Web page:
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2154. After the death of his twin brother, paraplegic former Marine Jake Sully (Sam Worthington) is inducted into the Avatar program as he provides a perfect DNA replacement for his brother.

Travelling to Pandora, Sam’s consciousness is transferred into an alien host body and he’s assigned a mission to learn as much as he can about the native ten foot tall Na’vi alien race as he can. Walking a tightrope between helping the science researchers, led by Dr. Grace Augustine (Sigourney Weaver) and providing insider knowledge to the head of security Colonel Miles Quaritch (Stephen Lang), Jake’s priorities become increasingly blurred, especially after meeting native Neytiri (Zoe Saldana), and discovering the beauty of this new world that his people are slowly destroying.

It seems like a million years ago since I wrote up my thoughts on the fifteen minutes Avatar Day cinematic preview back in August and weirdly it seems ages ago since I saw the actual movie before Christmas. It was exciting times for a while there, what with the return of James Cameron to our big screen, the first proper presentation of 3D and a showcase of what it could do and of course the movie just exploded across the box office, not only making money, but becoming the highest grossing film of all time, even surpassing Jimmy C’s last movie Titanic. You might say that Avatar is a certified triumph, you might even say that it’s an instant classic, but for the life of me I can’t really say that my feelings towards it get much higher than lukewarm.

From the get go, Avatar feels like a James Cameron movie. His effortless ability to make his worlds feel lived in and believable is as sharp as ever. The moment you arrive on Pandora you know the landscape, you have a feel for the technology at hand, and you know the characters and the parts they have to play. This is all done with minimal detail but Cameron just draws you in with charm and sets you off on his adventure.

For me the movie really comes to life when Jake takes the first steps in his host body. The feeling of freedom the character displays (after all let’s remember this is animated, albeit via performance capture) is astonishing and is a great piece of uplifting cinema to get you on the side of our hero. His interactions with Dr Grace also add a lot to the development of the character and the feeling that he’s achieving something comes with a warming change of attitude from Sigourney’s character as the movie develops. But of course the real heart of the story takes place in the rain forests and with the arrival of the mesmerizing Neytiri.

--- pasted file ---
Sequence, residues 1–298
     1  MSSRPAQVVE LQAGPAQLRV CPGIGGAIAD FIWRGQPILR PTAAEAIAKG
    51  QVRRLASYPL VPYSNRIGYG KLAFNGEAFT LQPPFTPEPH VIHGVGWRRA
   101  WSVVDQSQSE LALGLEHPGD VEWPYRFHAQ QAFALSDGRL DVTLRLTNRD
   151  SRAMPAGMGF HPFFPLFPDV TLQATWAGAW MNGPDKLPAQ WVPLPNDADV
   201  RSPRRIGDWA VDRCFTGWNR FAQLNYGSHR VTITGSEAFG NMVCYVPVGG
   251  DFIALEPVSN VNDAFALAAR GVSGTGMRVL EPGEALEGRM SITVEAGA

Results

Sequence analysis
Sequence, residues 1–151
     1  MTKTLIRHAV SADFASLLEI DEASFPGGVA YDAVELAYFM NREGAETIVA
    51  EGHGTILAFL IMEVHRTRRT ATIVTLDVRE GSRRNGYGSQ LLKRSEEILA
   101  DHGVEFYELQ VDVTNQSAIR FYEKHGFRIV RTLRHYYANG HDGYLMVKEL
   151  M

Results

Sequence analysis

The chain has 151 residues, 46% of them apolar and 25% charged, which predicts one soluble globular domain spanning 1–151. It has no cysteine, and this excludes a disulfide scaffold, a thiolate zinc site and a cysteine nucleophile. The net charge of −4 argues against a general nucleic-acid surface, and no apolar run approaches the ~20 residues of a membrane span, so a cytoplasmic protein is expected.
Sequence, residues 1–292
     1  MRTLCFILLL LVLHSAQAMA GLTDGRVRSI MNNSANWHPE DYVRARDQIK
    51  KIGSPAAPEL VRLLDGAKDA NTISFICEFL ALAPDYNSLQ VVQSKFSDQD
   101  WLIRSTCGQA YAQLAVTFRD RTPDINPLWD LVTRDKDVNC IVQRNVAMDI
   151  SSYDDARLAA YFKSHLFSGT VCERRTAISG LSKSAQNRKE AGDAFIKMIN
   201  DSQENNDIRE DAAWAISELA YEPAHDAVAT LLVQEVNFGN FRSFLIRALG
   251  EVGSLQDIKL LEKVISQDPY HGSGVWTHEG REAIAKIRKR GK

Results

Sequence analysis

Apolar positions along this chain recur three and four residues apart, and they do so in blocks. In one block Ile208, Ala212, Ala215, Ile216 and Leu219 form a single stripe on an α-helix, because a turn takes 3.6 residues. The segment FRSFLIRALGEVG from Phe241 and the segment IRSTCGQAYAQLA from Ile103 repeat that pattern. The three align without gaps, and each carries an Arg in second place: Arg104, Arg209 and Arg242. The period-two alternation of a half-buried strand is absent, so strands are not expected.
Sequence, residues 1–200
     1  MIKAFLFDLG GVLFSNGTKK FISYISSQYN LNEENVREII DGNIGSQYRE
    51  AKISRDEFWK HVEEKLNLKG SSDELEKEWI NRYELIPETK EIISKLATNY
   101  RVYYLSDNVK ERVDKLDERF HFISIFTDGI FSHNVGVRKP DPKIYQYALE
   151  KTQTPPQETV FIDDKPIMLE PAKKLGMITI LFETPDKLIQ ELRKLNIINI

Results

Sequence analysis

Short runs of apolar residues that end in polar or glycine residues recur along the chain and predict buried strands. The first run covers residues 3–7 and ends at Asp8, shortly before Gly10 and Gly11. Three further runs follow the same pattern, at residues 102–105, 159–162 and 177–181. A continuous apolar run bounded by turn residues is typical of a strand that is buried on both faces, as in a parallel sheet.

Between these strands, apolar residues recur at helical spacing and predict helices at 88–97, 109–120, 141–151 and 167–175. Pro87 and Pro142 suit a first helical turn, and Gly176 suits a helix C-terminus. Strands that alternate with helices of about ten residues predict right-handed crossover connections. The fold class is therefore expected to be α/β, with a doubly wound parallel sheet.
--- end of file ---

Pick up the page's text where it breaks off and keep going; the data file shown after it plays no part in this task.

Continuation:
If there was ever an argument for how much of a success the step forward in technology—especially when it comes to animated characters— Avatar has achieved, it’s with the combination of Zoe Saldana’s performance and the subtle work within the animation of her character Neytiri. Literally from the first moment you see her, she draws you in and when she starts interacting with Jake, I dare anyone to say they weren’t captivated. Her voice, her movements and the character's grace is one hundred percent believable and for me the heart and soul of the movie.

However, it’s also Neytiri's arrival that highlights what frustrated me about Avatar. We knew from the get go that the movie was much akin to Dances With Wolves and others dealing with similar themes. After the first trailer hit, there was a lot of online debate and generally it was a fun little joke in the build up to the movies release ( South Park even got in on the gag with a Dances with Smurfs episode).

Unfortunately and surprisingly for me, the similarities to movies past really held back my thorough enjoyment of Avatar as I couldn’t help drawing parallels. Everything just felt too close to Pocahontas (specifically Disney’s version of it) and I don’t mean the obvious stuff like Neytiri's family set up, the douche bag tribe warrior who should be marrying her but won't now because of Jake, her going to talk with a tree, the relentless zero compassion bad guys on the rampage to make money for the company or the fact that the lead character seems to be voiced by Mel Gibson (sorry Sam Worthington—you do sound a lot like him in this movie though). I mean that it got to the point where I kept expecting Neytiri to burst in ‘Just Around the River Bend’ and start hanging out with a hummingbird and a raccoon.

Okay that’s probably a little overblown, but I did find myself constantly thinking that James Cameron isn’t going to stick to this. He’ll throw us a curveball or take us somewhere different, but for me those storytelling curveballs never came and despite the big visuals, the alien world, the military war, the mecha suits the luminescent flowers, the Pandora wildlife, and the giant dragons (of which, I can’t believe only five Na’vi ever worked out how to tame), nothing about this story or indeed its characters felt fresh to me and despite enjoying the movie, my connection to these characters was distanced because I’ve met them too many times before and just felt as if I was constantly a step ahead when it came to knowing how all this was going to play out.